The vast majority of today’s priests are middle-aged and older. They have weathered, with varying degrees of success, the ambivalence and tensions of the decades following the council. Their perseverance and commitment in many instances has been heroic. In an essay remarkable for its understanding and compassion, Eugene Kennedy sees these faithful priests as brothers of the Prodigal Son, deserving in their own right of feast and celebration (Saving Fr. Ryan: Understanding the Good Priest, National Catholic Reporter, 3/31). Kennedy is one of the relatively few to acknowledge the difficult and brave adjustments these priests have had to make in the last decades of the 20th century simply to preserve their psychic and spiritual well-being. They will need continued affirmation from their brother priests, from their bishops and from their parishioners if they are to speak honestly and listen humbly.
The present crisis gripping the priesthood is complex and serious. It will lead to a renewed and strengthened ministerial priesthood to the extent that the veils of denial and minimization are rent. That will come to pass only if Spirit-filled dialogue is encouraged and joined on diocesan and national levels of the church.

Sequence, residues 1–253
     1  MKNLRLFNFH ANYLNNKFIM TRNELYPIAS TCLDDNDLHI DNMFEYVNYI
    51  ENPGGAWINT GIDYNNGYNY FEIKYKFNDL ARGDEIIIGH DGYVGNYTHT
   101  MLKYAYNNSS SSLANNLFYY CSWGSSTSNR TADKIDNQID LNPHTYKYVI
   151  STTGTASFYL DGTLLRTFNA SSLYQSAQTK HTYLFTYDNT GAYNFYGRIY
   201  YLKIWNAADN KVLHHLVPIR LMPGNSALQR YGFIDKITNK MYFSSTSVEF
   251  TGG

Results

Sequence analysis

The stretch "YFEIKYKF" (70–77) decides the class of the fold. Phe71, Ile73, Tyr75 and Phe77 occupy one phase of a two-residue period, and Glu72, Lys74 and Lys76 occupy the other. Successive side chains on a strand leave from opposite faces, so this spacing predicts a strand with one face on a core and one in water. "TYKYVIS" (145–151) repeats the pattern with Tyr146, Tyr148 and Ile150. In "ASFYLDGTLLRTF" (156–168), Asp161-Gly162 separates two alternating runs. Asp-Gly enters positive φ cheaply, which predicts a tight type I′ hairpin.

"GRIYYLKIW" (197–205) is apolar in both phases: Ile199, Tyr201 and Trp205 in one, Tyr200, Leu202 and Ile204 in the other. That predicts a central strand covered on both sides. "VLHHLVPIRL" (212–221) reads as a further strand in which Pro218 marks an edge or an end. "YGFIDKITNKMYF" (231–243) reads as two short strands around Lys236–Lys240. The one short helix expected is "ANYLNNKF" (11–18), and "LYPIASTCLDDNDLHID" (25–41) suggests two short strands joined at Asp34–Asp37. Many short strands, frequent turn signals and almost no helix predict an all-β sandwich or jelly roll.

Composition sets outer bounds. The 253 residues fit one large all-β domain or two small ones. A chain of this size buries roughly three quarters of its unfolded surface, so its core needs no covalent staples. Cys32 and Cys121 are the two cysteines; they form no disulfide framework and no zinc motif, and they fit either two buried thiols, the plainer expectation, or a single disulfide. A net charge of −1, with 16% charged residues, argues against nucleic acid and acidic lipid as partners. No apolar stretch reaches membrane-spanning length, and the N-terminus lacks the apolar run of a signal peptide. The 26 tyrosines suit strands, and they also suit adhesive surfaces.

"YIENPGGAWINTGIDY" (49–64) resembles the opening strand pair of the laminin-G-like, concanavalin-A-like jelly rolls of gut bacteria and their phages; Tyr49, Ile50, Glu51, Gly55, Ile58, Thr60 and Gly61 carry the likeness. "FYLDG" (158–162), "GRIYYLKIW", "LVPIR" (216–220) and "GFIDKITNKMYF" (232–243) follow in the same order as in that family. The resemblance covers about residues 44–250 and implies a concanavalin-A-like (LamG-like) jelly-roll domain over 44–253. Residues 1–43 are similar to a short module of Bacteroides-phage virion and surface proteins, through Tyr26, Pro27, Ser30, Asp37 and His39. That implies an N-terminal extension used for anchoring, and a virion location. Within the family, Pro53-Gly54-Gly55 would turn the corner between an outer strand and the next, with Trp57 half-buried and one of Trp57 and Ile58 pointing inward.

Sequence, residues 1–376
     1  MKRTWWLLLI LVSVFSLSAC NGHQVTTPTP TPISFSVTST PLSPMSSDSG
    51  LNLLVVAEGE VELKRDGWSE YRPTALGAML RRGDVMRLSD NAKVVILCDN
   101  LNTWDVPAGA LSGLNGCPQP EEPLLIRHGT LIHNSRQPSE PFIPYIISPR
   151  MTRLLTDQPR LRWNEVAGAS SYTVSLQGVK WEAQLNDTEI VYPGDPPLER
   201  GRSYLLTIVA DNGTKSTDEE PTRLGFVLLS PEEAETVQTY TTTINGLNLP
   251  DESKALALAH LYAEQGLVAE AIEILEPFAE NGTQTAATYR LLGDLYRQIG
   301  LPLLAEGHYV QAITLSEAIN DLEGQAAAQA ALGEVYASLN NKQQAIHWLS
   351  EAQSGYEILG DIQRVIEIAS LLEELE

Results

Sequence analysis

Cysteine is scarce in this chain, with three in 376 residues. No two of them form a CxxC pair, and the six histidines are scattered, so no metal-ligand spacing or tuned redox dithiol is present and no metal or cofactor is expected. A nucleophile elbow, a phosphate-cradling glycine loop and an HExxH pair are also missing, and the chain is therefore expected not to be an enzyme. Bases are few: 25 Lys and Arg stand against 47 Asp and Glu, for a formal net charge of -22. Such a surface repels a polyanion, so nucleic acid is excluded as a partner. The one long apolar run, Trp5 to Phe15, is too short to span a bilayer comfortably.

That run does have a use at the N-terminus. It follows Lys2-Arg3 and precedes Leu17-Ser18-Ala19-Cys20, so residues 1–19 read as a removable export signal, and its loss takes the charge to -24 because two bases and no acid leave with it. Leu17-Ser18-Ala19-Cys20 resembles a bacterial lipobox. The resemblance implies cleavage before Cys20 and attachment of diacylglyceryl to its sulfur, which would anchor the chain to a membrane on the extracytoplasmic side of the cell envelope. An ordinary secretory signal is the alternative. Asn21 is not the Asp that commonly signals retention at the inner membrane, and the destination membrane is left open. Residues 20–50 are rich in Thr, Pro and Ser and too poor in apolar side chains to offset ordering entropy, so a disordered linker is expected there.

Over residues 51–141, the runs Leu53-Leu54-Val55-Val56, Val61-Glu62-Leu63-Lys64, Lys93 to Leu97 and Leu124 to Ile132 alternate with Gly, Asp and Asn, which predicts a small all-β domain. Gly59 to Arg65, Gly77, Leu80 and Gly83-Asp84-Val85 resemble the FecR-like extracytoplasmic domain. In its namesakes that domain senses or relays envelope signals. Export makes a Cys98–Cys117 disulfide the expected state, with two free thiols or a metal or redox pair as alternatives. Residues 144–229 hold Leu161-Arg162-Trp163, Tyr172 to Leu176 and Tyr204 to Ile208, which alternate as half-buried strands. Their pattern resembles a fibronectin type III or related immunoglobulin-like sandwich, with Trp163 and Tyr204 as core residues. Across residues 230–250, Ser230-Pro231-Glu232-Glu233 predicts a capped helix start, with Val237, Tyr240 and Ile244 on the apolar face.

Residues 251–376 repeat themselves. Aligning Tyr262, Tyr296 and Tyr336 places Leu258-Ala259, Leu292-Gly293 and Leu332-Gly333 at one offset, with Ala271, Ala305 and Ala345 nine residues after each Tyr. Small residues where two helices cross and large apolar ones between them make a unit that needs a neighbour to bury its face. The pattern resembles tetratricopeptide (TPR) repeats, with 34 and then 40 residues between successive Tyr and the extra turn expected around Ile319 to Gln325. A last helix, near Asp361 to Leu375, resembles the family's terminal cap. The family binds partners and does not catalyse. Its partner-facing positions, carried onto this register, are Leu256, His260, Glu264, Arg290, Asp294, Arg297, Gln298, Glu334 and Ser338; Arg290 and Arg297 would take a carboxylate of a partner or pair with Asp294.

There is reason, I propose, for only guarded optimism. Cardinal Joseph Bernardin’s rebuff by a number of U.S. cardinals following his Common Ground initiative revealed the fear and suspicion that still shape and govern the perceptions and judgments of many contemporary church leaders when faced with opportunities for dialogue. What is critically needed in these perilous times is the wisdom and courage of church leaders like Bernardin and John XXIII. Both men perhaps embodied what Eskimo storytellers refer to as an isumataq, a person who can create an atmosphere by his or her own spirit of truth and reverence that allows wisdom to show herself. The isumataqs, it is said, not only create a climate that fosters truth, they point to the wisdom that is to be found in the people themselves.
It is time for new isumataqs to step forward. And it is time for the rest of us to speak simply from our hearts and to listen for the wisdom promised to the people of God.